Fighting Fungus With Fat

WHEN THE BODY'S IMMUNE system is weakened by AIDS or cancer chemotherapy, normally harmless fungi such as aspergillus (picture) can spread to the lungs and other organs, causing inflammation. Drugs based on a compound called amphotericin-B control fungal infections but cause side effects such as chills and kidney damage. So the Food & Drug Administration recommends their use only for diagnosed fungal infections.

Now, drug companies and research scientists are making important strides against fungal infections. NeXstar Pharmaceuticals Inc. in Boulder, Colo., is selling a drug called AmBisome, which encases amphotericin-B in tiny, synthetic bubbles of fat called liposomes. These keep the drug molecules sealed up until they have time to reach the fungus cells. So less goes a longer way. The FDA has cleared AmBisome for first-line use against suspected fungal infections.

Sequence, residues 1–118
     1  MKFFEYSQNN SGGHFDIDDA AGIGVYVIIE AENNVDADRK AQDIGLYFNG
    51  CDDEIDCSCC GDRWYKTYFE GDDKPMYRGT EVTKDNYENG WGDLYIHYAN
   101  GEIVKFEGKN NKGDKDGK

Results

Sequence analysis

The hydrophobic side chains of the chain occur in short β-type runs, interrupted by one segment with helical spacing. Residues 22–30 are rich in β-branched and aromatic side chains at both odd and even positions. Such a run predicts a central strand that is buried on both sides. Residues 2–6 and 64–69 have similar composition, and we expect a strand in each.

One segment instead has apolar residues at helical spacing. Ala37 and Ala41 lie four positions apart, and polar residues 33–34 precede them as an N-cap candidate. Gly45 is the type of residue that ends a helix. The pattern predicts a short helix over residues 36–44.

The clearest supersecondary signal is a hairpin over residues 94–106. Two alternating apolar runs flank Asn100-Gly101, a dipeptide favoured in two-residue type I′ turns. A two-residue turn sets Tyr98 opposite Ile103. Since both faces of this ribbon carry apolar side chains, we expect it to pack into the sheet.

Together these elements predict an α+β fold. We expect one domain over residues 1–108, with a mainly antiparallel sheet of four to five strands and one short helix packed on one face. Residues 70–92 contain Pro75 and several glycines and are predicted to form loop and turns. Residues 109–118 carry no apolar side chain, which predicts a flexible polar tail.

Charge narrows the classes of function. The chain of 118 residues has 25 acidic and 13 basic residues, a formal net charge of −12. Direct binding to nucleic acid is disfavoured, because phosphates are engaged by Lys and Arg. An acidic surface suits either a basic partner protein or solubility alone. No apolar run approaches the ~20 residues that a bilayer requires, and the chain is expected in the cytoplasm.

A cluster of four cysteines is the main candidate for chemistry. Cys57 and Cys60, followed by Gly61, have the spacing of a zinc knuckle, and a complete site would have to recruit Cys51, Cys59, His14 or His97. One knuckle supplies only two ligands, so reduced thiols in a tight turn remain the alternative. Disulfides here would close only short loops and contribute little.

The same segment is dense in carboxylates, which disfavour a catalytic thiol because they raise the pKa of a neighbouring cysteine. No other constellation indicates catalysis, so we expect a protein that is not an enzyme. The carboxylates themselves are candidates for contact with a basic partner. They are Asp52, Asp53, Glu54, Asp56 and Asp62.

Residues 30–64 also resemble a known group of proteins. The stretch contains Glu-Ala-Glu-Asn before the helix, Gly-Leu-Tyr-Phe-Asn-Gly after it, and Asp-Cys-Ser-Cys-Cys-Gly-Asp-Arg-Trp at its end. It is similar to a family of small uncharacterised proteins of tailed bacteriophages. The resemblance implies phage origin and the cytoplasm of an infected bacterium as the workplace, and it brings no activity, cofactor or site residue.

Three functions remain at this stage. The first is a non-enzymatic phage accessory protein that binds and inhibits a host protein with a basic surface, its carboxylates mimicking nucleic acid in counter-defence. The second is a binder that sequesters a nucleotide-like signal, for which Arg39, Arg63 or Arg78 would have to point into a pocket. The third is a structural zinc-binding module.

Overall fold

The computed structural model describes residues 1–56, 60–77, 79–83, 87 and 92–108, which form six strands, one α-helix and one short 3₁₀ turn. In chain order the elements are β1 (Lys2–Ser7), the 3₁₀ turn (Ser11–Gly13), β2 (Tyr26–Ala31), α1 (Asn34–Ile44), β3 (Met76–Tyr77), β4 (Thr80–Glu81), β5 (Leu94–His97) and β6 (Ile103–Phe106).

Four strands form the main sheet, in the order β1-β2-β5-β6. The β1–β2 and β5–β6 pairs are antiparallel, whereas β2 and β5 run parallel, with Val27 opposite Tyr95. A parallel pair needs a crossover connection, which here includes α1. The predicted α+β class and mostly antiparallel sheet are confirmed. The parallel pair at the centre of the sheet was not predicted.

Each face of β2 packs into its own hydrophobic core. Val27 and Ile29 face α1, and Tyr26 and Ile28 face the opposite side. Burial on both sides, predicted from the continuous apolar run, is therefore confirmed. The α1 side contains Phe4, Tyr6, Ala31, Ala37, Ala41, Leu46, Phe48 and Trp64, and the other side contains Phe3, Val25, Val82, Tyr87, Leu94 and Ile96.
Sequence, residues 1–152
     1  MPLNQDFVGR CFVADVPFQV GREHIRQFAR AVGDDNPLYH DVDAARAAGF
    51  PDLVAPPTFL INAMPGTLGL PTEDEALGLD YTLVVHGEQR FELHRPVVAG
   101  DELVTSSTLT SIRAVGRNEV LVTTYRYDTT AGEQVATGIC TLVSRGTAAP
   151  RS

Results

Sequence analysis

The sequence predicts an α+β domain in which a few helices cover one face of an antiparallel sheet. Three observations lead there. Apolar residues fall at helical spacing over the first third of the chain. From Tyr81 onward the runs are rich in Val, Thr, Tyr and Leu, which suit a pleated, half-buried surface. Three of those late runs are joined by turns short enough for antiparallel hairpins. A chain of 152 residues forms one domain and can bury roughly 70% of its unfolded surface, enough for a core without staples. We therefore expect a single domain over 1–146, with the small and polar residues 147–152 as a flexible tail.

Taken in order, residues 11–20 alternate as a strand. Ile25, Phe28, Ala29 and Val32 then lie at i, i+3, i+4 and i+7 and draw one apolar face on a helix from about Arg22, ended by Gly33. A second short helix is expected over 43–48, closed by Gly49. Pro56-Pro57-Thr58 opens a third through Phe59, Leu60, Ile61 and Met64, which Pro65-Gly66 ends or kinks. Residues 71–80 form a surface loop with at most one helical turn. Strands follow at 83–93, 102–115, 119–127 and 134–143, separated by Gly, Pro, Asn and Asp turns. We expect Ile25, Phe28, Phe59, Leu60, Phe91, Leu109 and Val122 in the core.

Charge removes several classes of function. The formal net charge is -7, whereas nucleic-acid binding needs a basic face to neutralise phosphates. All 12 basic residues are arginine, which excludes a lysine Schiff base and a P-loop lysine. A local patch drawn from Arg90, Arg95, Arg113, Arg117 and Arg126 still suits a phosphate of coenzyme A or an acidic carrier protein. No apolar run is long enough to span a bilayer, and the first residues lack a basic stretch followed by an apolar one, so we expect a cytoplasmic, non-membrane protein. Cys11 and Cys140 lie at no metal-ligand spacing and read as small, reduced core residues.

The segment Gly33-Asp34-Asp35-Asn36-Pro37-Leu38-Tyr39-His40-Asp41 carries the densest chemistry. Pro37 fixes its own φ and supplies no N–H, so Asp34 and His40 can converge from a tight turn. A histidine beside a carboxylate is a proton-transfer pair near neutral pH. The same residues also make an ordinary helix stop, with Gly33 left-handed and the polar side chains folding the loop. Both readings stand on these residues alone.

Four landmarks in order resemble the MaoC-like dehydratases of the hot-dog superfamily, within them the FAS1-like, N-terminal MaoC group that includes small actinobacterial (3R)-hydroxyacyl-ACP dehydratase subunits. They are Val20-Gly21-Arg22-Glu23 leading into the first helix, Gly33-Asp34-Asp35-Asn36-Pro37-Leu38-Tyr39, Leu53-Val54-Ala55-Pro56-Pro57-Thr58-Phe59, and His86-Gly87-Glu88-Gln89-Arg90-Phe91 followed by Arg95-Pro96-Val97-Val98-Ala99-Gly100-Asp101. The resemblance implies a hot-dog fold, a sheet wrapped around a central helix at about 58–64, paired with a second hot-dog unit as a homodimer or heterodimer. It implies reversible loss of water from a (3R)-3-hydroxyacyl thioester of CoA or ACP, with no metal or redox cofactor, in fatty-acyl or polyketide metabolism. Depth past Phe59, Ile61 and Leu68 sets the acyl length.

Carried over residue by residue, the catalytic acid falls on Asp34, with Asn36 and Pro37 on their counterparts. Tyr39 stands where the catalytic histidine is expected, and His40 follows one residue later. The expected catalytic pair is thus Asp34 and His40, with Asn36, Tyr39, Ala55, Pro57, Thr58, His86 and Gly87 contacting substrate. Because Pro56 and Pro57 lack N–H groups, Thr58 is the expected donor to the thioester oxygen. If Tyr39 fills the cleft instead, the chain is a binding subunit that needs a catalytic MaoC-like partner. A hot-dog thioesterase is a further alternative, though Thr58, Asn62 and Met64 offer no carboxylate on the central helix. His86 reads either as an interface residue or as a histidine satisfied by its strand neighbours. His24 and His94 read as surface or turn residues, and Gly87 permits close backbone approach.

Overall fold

Separately, biologist Gerald Fink, director of the Whitehead Institute for Biomedical Research in Cambridge, Mass., and his colleagues have shed light on the infectious mechanism of Candida albicans, another fungal scourge for AIDS and chemotherapy patients. The fungus' infectiousness depends on a genetic switch that lets it project protein filaments into host cells. In experiments with mice, Fink found a way to deactivate this switch and reduce the fungus' virulence.

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